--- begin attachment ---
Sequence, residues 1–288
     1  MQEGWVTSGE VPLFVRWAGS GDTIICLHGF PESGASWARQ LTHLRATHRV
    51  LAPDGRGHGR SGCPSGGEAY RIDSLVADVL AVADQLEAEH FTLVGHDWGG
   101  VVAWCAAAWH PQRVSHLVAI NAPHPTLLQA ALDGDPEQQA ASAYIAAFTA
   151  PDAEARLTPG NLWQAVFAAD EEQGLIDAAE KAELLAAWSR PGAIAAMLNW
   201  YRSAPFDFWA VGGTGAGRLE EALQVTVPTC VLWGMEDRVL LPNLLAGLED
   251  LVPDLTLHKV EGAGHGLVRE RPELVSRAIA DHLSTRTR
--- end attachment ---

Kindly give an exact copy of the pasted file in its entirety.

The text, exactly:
Sequence, residues 1–288
     1  MQEGWVTSGE VPLFVRWAGS GDTIICLHGF PESGASWARQ LTHLRATHRV
    51  LAPDGRGHGR SGCPSGGEAY RIDSLVADVL AVADQLEAEH FTLVGHDWGG
   101  VVAWCAAAWH PQRVSHLVAI NAPHPTLLQA ALDGDPEQQA ASAYIAAFTA
   151  PDAEARLTPG NLWQAVFAAD EEQGLIDAAE KAELLAAWSR PGAIAAMLNW
   201  YRSAPFDFWA VGGTGAGRLE EALQVTVPTC VLWGMEDRVL LPNLLAGLED
   251  LVPDLTLHKV EGAGHGLVRE RPELVSRAIA DHLSTRTR